• Pour in beer and enjoy
Advertisements

Make Cocktails Like A Pro

If you have ever struggled with a recipe or wonder why yours are not turning out like they do at the bar then check out my simple step-by-step videos. I will walk you through how to expertly build each drink so you get consistently great results.

  • Free and simple step by step videos.
  • Tips and tricks from years of experience.
  • Historically accurate and balanced recipes.


Buttered Beer No.2 – Modern Recipe

Buttered Beer #2
Buttered Beer #2

A Short History Of Cooked Beer Cocktails.

Before the days of bottling and refrigeration, fresh beer had a very limited shelf life, and having to waste any brought a tear to many people’s eyes. So like any food item on its way out, people tried to find ways to get just a couple more uses out of it. I’m sure you do this all the time. Strawberries are starting to get soft; make a smoothie. Worried about your gigantic bag of onions getting too old, make French onion soup. There are many things you can do before food turns and during the 17th century cooking beer with honey and spices was one way to mask the flavor of a beer going bad.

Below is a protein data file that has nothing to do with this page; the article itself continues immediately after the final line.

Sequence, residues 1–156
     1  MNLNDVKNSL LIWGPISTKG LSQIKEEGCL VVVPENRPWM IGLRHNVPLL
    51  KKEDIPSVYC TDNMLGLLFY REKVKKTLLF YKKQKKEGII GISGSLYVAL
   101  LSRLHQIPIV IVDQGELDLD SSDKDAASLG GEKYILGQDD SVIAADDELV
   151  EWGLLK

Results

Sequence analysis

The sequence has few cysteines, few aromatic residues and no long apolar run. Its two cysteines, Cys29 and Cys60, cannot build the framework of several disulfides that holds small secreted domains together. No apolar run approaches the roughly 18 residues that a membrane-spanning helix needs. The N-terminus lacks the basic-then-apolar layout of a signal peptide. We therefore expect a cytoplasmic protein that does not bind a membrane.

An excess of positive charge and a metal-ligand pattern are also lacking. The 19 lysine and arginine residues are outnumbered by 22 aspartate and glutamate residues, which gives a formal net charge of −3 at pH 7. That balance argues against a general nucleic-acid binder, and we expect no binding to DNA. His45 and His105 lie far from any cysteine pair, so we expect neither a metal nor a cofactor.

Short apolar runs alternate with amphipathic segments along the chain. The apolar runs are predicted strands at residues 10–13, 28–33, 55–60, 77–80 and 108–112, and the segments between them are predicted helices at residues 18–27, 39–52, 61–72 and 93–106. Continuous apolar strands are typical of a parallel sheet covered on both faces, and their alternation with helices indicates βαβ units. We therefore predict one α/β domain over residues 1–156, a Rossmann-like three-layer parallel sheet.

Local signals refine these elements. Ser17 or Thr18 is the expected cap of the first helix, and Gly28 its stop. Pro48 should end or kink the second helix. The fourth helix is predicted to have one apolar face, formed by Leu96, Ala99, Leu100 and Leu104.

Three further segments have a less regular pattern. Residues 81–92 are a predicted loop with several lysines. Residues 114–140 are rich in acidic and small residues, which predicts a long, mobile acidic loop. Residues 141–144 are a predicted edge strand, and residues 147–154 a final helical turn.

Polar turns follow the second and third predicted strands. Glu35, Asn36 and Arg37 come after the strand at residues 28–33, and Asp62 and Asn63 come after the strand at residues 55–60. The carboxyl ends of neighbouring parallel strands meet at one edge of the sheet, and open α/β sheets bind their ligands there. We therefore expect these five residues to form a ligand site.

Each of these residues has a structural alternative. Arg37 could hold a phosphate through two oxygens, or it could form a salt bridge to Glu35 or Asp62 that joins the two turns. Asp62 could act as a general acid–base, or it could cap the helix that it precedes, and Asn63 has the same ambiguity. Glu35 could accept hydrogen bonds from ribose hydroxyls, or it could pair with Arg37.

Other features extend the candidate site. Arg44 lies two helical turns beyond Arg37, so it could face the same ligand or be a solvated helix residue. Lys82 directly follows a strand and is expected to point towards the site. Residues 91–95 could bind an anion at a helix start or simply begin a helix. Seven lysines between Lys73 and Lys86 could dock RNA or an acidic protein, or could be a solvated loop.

Earlier forms of the hot ale flip we simple hot ale and honey drinks, and if you want to find these recipes, you’ll need to look in old cookbooks. One such recipe from the 1669 book “The Closet” by Sir Kenelme Digbie is an ale with a honey recipe specifically for beer that is about to go bad. Sir Kenelme Digbie described cooking old beer with honey would help the turned old beer and “set the whole a working a fresh, and casting out foulness.”